Donizetti’s Lucrezia Borgia was written in 1833. Today it hangs around the outskirts of the standard operatic repertory. According to operabase.com it was performed 22 times worldwide during the season of 2013-14. At the Met it has managed only one performance in the company’s history. That was in 1904 with Enrico Caruso as Gennaro. I find it hard to fully understand the reason for its relative neglect. Perhaps its due to the opera’s second act – it consists of a prologue and two acts – the first half of which is weaker than the two sections that proceed it. But taken as a whole this is a very fine example of Donizetti near the top of his game. The Met could do far worse than bring it back for a second performance. It has the singers on its roster who can do justice to the work.
The opera made Montserrat Caballé (born 1933) famous. The Catalan soprano made her American debut in the title role in 1965 in a concert version of the opera at Carnegie Hall. Her triumph at Carnegie Hall was soon repeated at the Met. The following year she recorded the opera for RCA with a very strong cast – see below.
Modern technology has resurrected this recording. Amazon manufactures each copy when it is ordered. The buyer gets it as soon as if it were on Amazon’s shelves. It comes in a jewel case with liner notes, though no libretto. Amazon sells the two CD set for $8.99.
Caballé is brilliant as the much maligned Lucrezia. It’s easy to see why her unexpected appearance in New York created such a sensation. She was a late replacement for another soprano. Let’s start at the end. Era desso il figlio mio is the cabaletta that concludes the opera. In it she laments the death of her son, Gennaro, whom she has inadvertently poisoned. When you’re in the poison business, this sort of accident can happen. Apparently the real Lucrezia wasn’t in that business. Donizetti wrote the display piece to please Henriette Méric-Lalande, the soprano who first sang Lucrezia. The composer didn’t like it and took it out later. But, of course, any diva, worth the title puts it back in.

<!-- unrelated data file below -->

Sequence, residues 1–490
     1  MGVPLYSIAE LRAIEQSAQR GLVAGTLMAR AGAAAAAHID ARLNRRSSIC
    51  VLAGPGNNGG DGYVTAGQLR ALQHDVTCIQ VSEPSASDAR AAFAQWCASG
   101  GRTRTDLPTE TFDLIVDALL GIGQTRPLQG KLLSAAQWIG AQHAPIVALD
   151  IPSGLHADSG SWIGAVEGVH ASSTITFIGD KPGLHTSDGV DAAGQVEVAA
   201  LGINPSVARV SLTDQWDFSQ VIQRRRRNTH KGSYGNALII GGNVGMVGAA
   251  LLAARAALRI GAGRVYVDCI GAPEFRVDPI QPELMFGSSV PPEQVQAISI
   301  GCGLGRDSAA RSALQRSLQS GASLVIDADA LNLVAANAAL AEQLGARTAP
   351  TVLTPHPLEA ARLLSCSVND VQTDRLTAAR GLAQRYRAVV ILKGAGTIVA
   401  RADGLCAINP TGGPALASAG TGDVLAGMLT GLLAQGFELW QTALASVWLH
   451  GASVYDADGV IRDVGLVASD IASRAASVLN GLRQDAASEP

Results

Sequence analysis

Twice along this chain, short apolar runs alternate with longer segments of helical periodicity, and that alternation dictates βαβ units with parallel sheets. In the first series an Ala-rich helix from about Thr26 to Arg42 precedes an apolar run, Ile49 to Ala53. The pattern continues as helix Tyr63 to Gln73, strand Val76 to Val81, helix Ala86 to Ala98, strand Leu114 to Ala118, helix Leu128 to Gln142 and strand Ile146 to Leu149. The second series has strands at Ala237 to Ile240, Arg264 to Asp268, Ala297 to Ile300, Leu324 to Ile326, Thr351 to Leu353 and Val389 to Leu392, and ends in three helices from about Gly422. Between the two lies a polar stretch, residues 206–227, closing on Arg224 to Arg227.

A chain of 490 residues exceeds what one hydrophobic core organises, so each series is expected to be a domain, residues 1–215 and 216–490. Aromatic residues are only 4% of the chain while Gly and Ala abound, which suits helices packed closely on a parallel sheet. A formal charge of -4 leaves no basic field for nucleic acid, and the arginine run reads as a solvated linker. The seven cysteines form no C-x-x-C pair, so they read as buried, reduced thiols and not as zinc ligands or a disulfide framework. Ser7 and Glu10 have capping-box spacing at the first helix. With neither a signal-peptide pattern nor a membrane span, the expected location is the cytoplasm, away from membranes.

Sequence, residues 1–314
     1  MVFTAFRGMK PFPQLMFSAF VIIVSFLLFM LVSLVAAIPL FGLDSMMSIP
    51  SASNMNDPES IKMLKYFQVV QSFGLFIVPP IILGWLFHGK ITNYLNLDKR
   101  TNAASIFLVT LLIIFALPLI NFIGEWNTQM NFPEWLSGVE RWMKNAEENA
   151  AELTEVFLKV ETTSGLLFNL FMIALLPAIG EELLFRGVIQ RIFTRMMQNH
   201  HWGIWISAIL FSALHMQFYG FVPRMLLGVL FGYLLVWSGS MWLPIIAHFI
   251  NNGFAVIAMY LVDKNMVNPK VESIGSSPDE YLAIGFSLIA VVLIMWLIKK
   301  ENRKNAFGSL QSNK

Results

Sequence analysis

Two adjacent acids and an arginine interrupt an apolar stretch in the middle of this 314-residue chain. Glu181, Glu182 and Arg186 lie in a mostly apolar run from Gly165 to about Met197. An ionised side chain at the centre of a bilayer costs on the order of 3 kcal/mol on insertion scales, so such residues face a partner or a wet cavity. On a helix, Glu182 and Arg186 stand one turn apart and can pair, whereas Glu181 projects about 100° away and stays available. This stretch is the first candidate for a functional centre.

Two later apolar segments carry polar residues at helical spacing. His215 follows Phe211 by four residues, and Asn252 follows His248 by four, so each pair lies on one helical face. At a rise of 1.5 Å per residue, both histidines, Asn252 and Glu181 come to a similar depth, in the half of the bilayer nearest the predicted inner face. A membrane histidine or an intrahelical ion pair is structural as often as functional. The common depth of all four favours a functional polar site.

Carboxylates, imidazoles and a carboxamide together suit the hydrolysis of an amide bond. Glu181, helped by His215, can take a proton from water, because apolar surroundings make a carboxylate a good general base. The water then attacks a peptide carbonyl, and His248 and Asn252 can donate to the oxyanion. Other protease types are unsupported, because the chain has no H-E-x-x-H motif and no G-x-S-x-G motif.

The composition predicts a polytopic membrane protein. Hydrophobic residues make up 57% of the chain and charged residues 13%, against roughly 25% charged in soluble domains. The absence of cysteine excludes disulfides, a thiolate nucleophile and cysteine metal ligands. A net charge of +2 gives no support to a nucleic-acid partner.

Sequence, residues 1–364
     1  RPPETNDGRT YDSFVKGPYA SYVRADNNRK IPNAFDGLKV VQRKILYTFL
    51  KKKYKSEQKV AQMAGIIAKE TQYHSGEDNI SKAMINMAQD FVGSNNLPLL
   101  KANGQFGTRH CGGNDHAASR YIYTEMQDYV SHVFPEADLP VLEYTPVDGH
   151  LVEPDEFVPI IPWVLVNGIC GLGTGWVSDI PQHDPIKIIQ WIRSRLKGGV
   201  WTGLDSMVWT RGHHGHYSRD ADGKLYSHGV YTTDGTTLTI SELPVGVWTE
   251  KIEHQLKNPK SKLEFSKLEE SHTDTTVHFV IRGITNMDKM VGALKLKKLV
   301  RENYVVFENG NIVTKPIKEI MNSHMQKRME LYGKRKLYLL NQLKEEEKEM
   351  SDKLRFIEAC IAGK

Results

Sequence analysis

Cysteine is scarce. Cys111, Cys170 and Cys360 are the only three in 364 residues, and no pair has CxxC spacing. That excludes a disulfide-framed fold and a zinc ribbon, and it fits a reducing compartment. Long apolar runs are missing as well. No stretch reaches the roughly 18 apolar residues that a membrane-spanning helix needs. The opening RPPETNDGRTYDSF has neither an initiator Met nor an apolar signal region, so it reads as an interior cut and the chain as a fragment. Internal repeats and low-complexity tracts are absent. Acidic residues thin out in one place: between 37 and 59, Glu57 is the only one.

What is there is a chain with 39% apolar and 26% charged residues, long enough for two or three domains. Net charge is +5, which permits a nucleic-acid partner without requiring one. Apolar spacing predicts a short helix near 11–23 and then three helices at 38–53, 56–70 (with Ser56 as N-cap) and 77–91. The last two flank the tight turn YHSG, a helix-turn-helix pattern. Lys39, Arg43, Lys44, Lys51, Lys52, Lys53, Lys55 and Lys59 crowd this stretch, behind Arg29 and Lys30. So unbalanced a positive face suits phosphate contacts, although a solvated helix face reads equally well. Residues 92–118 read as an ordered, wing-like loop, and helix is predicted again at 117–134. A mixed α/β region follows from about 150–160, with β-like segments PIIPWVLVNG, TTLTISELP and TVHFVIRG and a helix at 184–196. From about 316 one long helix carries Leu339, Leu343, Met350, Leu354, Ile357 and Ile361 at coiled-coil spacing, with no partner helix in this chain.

Alfredo Kraus (1927-99) was just about the perfect bel canto tenor. He could sing with style and grace and had a top the equal of any tenor within living memory. In Di pescatore ignobile esser figliuol credei (it’s in the prologue) Gennaro reminisces about his childhood. Kraus’s singing is a model of vocal perfection.
The prologue concludes with everyone denouncing Lucrezia for all the murders she’s committed. It’s one of Donizetti’s best and clearly shows where Verdi got his model for the great ensembles that he authored. Note the exquisite pianissimo in alt that Caballé floats in the middle of the number. Prologue finale
In the first act Lucrezia’s husband, the Duke of Ferrara, gives Gennaro a glass of poisoned wine. This trio occurs before the Duke leaves and Lucrezia gives her son an antidote. The tenor carries a beautiful melodic line over the interchange between husband and wife. The effect is inspired. Guai se ti sfugge un moto. Ezio Flagello (1931-2009) as the Duke is in great voice throughout the recording.
The splendid Shirley Verrett (1931-2010) was luxuriantly cast as Gennaro’s best friend Orsini. His brief Drinking Song was for a long time the best known piece from the opera.
Jonel Perlea (1900-70), who also conducted the Carnegie Hall performance, leads a taut rendition of Donizetti’s opera. Perlea was a great conductor of opera. Unfortunately, he suffered a heart attack and stroke in 1957 which rendered his right arm useless. He learned to conduct with his left hand, but his impairment limited his conducting activities.
In summary, an outstanding performance of an unjustly neglected opera. Highly recommended.